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EPA: Industrial Toxic Chemical Pollution Down

Toxic chemical pollution from industrial plants and factories was down 2 percent in 2006 to 4.25 billion pounds.

WASHINGTON (AP) β€” Toxic chemical pollution from industrial plants and factories declined by 2 percent in 2006 despite increases in the mining and petroleum sectors, the government said Thursday.
 
Companies reported that 4.25 billion pounds of toxic chemicals were released into the air, onto land, into waterways, injected deep into the ground, or stored on site as waste. That is about 105 million pounds less than 2005.
 
About one-third of the chemicals, or 1.41 billion pounds, were reported released into the air, 7 percent less than in 2005, the Environmental Protection Agency said. An additional 250 million pounds of chemicals went into surface waterways, a 3 percent decline.
  • The metal mining industry reported it released into the environment or disposed of 1.22 billion pounds of toxic chemicals. That was 4 percent more than in 2005.
  • The electric utility industry had the second largest release, 1.02 billion pounds. But it also reported the largest decrease, about 6 percent.
  • Next was the chemical industry, which reported a drop of 4 percent, to 514 million pounds.
  • The petroleum sector reported 76 million pounds of releases, an increase of 8 percent.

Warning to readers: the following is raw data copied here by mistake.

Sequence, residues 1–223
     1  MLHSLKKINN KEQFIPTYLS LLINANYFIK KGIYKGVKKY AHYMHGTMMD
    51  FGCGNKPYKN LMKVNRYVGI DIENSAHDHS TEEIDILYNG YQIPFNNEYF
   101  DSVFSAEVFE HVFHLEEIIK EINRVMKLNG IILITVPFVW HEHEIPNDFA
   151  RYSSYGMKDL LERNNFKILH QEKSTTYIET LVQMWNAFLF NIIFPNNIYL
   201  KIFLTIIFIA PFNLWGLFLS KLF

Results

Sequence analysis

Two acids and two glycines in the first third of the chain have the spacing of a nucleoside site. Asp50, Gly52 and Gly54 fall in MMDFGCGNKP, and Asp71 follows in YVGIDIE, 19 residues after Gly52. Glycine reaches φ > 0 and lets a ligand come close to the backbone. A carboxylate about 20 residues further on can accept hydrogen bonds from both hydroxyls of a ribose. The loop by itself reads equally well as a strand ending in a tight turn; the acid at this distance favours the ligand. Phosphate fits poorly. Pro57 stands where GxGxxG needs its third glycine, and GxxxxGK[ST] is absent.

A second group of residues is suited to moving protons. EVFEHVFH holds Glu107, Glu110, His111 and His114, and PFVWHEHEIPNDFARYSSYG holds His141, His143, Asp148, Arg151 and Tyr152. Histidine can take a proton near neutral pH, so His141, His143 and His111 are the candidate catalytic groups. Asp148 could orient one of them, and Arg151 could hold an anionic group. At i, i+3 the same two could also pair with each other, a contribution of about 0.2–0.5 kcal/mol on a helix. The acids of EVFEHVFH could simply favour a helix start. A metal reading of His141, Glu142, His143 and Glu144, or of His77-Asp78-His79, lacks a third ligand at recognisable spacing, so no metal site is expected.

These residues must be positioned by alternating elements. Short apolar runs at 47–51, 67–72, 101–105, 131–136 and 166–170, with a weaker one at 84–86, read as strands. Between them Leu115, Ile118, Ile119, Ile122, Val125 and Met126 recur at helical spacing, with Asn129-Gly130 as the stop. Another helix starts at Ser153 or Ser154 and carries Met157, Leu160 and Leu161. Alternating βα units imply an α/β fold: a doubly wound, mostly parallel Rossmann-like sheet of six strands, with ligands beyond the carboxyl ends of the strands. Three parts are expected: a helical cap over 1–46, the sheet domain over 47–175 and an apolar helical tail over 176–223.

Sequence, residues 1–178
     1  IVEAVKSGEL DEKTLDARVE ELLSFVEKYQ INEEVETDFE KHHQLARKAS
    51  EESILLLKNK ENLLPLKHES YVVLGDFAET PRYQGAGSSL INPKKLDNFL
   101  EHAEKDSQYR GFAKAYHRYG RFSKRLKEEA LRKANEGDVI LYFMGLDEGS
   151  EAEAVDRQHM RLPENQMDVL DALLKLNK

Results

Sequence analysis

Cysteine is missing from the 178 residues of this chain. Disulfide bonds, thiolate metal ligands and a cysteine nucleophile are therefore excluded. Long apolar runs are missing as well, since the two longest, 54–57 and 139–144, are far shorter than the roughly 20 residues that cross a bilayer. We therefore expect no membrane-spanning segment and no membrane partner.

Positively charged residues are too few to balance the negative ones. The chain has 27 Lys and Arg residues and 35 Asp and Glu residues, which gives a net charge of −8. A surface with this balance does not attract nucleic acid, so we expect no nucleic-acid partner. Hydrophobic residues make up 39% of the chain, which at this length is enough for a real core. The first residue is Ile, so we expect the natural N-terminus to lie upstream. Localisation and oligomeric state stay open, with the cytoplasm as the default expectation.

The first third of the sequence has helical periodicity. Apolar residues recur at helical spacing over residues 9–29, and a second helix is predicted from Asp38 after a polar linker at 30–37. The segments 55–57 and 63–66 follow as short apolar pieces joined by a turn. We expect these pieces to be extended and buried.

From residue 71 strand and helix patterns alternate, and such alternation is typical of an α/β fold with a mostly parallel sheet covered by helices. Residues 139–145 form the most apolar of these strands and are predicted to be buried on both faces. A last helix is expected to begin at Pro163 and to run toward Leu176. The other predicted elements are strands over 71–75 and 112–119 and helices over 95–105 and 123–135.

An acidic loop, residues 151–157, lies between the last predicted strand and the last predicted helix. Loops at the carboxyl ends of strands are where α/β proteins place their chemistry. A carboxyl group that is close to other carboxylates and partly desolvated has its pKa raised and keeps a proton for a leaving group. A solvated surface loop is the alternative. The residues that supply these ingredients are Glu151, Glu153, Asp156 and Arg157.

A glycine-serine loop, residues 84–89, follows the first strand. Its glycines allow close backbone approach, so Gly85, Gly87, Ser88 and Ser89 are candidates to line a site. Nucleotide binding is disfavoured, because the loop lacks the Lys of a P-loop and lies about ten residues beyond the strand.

• About one-third of the chemicals, or 1.4 billion pounds, were deposited on land.
  • Industries injected about 14 percent, or 606 million pounds, injected into deep underground wells.
The 2006 figures reflected a change that the EPA allowed, reducing the amount of information that some companies needed to report. Companies could turn in shorter, less detailed forms if they used less than 5,000 pounds of toxic chemicals or released less than 2,000 pounds.
 
In the past, more detailed information had to be provided in longer forms at a threshold of 500 pounds. The new rule maintains that reporting threshold for only some of the most dangerous chemicals.
 
Opponents of the change have said the more lenient reporting allows some facilities to hide data about toxic chemical releases. The EPA said the changes only streamlined the reporting process.
 
The EPA said 22,880 industrial and manufacturing facilities submitted 87,900 forms on the 2006 data. The reporting covered 650 chemicals.
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